Glass of Heavy Handed Indian Pale Ale, a seasonal craft at Bakersfield, 330 E. Ogden Ave in Westmont. | Rich Hein~Sun-Times
330 E. Ogden Ave., Westmont
Hours: 11 a.m.-9 p.m. Sunday-Monday; 11 a.m.-10 p.m. Tuesday through Saturday
Prices: Appetizers, $11-$16; sandwiches, $12-$17; entrees, $15-$32; desserts, $7.
Try: Smoked salmon, Good House Salad, roast prime rib all fare well at the hands of Bakersfield’s kitchen staff. They’re at home with fresh fish, too.
Tips: Reservations accepted. Complimentary parking, self or valet. Full bar service.
In a bite: Bakersfield is a noteworthy addition to the dining scene in Westmont, where American favorites get their due.
KEY: ★★★★ Extraordinary; ★★★ Excellent;
★★ Very Good; ★ Good;
Zero stars: Poor
With a concentration mainly on American standards, Bakersfield is a refreshing newcomer to Westmont.
The freestanding 175-seat establishment, which opened in May, is the brainhchild of the same creative team behind the successful Standard Market and popular in-store Standard Grill across the street.
It makes a positive impression outside and in with modern structural lines and elegant yet casual dining space. A fire pit and strategically placed portable heaters extend use of an attractive brick-walled patio. The dining area features oversized booths, an open kitchen viewable from a bar-height table and a floor-to-ceiling glass-enclosed wine room.
Smoked salmon ($12) made a delectable appetizer two can easily share. Bursting with flavor, the thick filet came with a cream cheese-based spread and thin crispy crackers. Among other starter choices were house-made guacamole, tacos and crispy Thai shrimp.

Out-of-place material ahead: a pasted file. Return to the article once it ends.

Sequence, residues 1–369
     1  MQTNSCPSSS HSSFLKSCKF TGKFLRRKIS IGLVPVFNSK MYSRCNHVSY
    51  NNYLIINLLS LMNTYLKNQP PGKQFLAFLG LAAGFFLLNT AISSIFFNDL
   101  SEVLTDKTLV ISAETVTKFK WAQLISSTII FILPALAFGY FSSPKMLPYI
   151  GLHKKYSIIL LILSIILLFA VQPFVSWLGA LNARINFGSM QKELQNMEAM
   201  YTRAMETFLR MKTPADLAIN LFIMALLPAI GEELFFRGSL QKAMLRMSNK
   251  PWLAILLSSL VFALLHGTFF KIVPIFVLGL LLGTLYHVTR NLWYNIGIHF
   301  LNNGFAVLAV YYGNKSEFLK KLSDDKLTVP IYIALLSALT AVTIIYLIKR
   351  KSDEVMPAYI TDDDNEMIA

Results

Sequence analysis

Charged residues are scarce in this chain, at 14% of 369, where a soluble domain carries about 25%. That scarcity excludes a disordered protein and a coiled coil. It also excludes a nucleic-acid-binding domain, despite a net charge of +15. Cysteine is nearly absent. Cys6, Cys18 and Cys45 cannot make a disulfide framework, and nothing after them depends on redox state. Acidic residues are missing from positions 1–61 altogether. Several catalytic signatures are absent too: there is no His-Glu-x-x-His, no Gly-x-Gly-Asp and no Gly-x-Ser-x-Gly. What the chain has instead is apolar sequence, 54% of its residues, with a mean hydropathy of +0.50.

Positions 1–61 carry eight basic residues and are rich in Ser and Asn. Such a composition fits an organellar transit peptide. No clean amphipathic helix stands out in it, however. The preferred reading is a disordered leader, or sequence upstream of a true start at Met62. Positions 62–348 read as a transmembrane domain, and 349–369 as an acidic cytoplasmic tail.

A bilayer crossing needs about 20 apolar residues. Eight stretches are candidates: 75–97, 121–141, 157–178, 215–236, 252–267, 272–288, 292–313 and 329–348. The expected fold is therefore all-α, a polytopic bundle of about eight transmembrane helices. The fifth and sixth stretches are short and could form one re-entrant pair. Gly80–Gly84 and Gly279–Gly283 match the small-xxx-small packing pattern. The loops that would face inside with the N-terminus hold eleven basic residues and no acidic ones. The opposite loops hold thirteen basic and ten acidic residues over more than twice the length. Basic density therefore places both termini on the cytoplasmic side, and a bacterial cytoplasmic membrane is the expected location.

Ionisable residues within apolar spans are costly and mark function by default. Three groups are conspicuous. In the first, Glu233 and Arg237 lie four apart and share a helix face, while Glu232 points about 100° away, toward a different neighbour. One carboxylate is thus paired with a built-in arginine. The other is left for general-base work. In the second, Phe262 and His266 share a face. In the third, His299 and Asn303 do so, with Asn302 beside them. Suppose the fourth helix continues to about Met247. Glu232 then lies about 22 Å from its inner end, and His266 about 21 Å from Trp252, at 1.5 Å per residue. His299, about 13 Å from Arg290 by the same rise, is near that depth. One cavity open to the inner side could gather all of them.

Also commendable was the Good House Salad, available in individual (“baby”) and large-size versions. Its mixed greens, tomato, bacon, corn and cornbread croutons were in perfect harmony with a superb blue cheese dressing, one of several available choices.
Main-course dishes range from $15-$32, and the menu offers a broad selection. Butchered on the premises, steaks are cooked to order on a wood-fired grill. Barrel-Cut Filets (the most tender end of the boneless rib eye) and 72-hour dry rub Cajun rib eye are among popular signature entrees.
I was impressed by the high quality of the house-roasted prime rib — not a dish that usually grabs my attention. Though it will never be a calorie-counter’s first pick, the meat was tender and flavorful and meticulously well-trimmed of extraneous fat. It came with au jus and a creamy horseradish sauce, while an accompanying “loaded potato” stuffed with cheese and bacon pushed this course over the top.
Another excellent preparation was trout crusted with crushed Marcona almonds and grainy Creole mustard. Fish typically has a narrow window in terms of how long it can linger on the grill, and Bakersfield’s chef got it just right.
Still other available entrees were fried chicken with smashed potatoes, stuffed gnocchi and meatballs and Brian’s seasonal veggie plate (the Brian a reference to Executive Chef Brian Wright).
Large portions almost guarantee leftovers, and servers are experienced at packaging to-go boxes. Bakersfield also is flexible about substitutions, seamlessly replacing, for example, grilled brussels sprouts on one order as a stand-in for another vegetable.
Among the sandwich offerings, there’s an intriguing one starring a sweet Maine lobster, cole slaw and arugula. But it was time to check out dessert, and this so-called Knuckle sandwich ($18) would have to wait for another visit.
A double-nut brownie and fried Oreos with ice cream, custard and chocolate sauce were among the available confections. You can’t go wrong with a serving of the tres leches cake topped with whipped cream and fresh fruit (strawberry, blueberry, peach and banana) resting on a swirl of caramel. It’s a smart presentation.
Bakersfield also has a nicely appointed full-service bar that dispenses specialty cocktails, domestic and international wines and a selection of draft and bottled beers. For a smooth, well-balanced beverage, try Heavy Handed India Pale Ale, a seasonal craft beer from nearby Two Brothers Brewing in Warrenville.
Thomas Witom is a local free-lance writer.